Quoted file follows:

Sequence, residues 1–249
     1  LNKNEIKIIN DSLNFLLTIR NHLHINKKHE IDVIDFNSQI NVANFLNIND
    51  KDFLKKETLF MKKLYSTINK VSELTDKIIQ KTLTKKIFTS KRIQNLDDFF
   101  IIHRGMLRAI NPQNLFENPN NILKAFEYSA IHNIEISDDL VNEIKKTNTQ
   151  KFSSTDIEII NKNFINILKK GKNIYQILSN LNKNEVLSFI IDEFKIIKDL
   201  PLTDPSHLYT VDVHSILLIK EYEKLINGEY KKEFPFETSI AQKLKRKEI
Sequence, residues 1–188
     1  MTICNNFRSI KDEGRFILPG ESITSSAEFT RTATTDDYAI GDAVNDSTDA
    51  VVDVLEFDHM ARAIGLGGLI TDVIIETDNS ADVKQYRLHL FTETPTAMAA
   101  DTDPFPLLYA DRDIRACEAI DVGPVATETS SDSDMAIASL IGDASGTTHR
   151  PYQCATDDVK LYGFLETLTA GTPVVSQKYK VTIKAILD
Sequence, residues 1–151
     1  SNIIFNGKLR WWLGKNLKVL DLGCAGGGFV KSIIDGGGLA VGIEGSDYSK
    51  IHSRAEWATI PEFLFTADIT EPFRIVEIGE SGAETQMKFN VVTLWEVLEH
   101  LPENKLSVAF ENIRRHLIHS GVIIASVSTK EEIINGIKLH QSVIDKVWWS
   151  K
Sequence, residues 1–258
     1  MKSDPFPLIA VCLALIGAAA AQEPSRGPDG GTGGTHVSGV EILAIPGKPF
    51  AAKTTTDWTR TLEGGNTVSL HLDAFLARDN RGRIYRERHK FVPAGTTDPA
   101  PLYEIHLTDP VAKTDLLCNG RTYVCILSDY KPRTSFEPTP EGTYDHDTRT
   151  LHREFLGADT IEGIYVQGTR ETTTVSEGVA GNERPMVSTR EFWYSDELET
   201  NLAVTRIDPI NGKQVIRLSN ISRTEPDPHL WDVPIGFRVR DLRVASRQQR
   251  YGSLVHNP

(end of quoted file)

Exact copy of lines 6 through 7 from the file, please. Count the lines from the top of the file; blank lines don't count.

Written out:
   201  PLTDPSHLYT VDVHSILLIK EYEKLINGEY KKEFPFETSI AQKLKRKEI
Sequence, residues 1–188